My Shampoo is stronger than yours
How can they fight without depth perception?

And hey, who can forget this spectacular ‘do?

Glasses make the man
“It’s me again!”

Andy Lau refuses to be left out!

Andy Lau wants you to be quiet
“Rule #1: Nobody talks about Fight Club.”

However, to me the greatest Crappy Hair Movie of all time is none other than Future Cops:

Our hair will save the world

The real Dragonball movie

Jacky Cheung
I bought a DVD of this film just for these screen captures

Why I fixate on movie hair is unknown, but that’s the way it goes. Bad hair and bad outfits are always easy to pick on because, well, they’re bad. It’s the same reason that we can’t stop talking about Wong Jing movies or D-War. Besides, hairstyles are fun.

But we’re out of news. Here’s one more picture from the CJ7 premiere:

Chow
CJ7: It’s really a horror film.

My favorite TV commercial. Well, maybe not.

I love You Tube. It allows me to write next to nothing and still pretend that my blog posts are substantial. I may never write a full post again.

For some odd reason, I feel like sharing this commercial with everyone:

Every time I turn on the television in Hong Kong, I see this ad. I’m not exactly sure why it happens, but it happens. I think it’s following me. Anyway, as a result of Daniel Wu’s convincing concern for my skin, I’ve just bought a case of that product.

Also, repeated viewings of the commercial have given me the opportunity to perfect my Daniel Wu impression, most especially his inimitable way of mixing Cantonese with English phrases. I demonstrated it at work the other day and people went insane. Of course, it could have been because I was wearing this outfit:

Jay Chou could be colorblind
Jay Chou’s washer/dryer combo fails him again

Yes, I used this photo last week. The above photo was from a Secret promotion in Korea. Afterwards, Jay Chou was voted as the worst-dressed celebrity in the country, an honor bestowed upon him by the netizens at sportsseoul.com. Really. I didn’t make that part up, unlike practically everything else that goes on this blog.

Oh, and this is my favorite commercial. It totally makes up for Chow Yun-Fat dropping out of Red Cliff.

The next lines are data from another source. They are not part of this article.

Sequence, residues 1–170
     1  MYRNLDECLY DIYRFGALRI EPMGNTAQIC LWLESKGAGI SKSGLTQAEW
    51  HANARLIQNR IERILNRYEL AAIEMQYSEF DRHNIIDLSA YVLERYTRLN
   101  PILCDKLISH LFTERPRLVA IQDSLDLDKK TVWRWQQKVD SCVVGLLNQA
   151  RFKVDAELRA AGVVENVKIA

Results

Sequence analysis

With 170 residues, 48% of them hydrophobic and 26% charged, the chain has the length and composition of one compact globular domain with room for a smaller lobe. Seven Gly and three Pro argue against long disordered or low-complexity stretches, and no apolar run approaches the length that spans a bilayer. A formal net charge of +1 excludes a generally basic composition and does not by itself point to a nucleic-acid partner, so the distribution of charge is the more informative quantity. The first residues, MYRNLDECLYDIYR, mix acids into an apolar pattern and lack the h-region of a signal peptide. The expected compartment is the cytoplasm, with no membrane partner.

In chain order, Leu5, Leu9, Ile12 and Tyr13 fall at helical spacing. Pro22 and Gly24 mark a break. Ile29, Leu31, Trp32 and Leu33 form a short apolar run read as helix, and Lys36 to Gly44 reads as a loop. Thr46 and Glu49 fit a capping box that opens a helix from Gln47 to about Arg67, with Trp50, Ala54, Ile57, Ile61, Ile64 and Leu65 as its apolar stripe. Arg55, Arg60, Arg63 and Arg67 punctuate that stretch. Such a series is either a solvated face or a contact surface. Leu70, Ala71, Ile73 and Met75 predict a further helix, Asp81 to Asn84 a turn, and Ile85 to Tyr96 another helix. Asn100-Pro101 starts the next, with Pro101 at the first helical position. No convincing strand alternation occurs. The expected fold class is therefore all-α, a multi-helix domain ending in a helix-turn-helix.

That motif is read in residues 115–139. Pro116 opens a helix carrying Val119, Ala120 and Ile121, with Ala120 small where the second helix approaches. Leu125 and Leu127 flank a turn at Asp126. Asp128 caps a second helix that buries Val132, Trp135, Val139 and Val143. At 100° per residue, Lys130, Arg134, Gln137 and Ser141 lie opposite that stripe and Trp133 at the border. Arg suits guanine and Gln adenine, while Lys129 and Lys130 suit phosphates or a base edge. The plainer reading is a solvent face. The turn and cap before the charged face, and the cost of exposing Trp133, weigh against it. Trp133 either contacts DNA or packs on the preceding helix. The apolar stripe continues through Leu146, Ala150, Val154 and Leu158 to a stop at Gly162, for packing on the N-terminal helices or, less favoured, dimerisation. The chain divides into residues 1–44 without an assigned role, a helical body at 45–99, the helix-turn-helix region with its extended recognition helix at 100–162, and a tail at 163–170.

By the way, Chow isn’t the only guy that pushes casinos:

I have no desire to stay at a hotel that lets its guests wear shoes in the pool.

In the interest of equal time, here’s a clip of Stephy Tang.

Commercials rock.

Next time: no words, only clips.

OMG! Bey Logan on Attack of the Show! Some other guy appears too.

I had even money on being cut, but apparently Attack of the Show left me in their Hong Kong travelogue. You can find me between shots of awesome Kung Fu movies and Bey Logan:

I probably have stories to tell about the experience and the resulting clip, but I’ll leave that for another time, if ever. Now that this whole thing is finally over, I hope we can leave it in the past - like our memory of that movie Himalaya Singh. We now return to our normal semi-unnecessary blogging.

Stephen Chow thanks you for your time:

Stephen Chow thanks you
“Thank you for putting up with this.”

Kozo’s Mailbag: Why I didn’t rave about The Warlords.

Today I’m going to start another feature on this blog, called Kozo’s Mailbag. It is what it sounds like: answers to actual e-mails that I receive. For something to qualify for Kozo’s Mailbag it has to ask a question that A) I think may be interesting to more than one individual, B) be something that can’t be easily researched via Google, and C) not have anything to do with contacting a celebrity. If you have a question that qualifies, go ahead and send it in here.

Also, as is a non-tradition around here, I’ll try to keep my answers short. However, this very first edition of Kozo’s Mailbag is very appropriate for the site because it’s one question composed of six separate ones. So, unlike the site’s reviews, keeping it short is pretty much impossible. I apologize in advance. If you’d like, you can simply not read it. Also, the question critiques my review of Peter Chan’s Warlords, and was sent in by a reader who has also seen it. As such, it may contain spoilers. Proceed with caution.

Jet and Takeshi
“Takeshi, hold out your hand and close your eyes.”

Anyway, Mei San of Malaysia asks:

Referring to your review of The Warlords, there are some questions that I hope to raise.

1. Why doesn’t the review elaborate on the actors’ showmanship? Personally, that is the most crucial element of this movie considering the fact that Peter Chan primarily wants to portray details on the three very different characters of Pang, Zhao and Jiang.

About the acting in the film, I didn’t elaborate on it because I was not exceptionally impressed by it. More than anything, I felt it was overwrought. Andy Lau played his character charismatically, but it wasn’t much of a stretch for him, and his character was easily the least complex of the three. In Takeshi Kaneshiro’s case, he seemed to be more insane than conflicted, which really reduced my sympathy for him. I felt the part could have been handled better, though I’m not sure if the fault is Kaneshiro’s, Peter Chan’s, or perhaps that of the eight(!) screenwriters.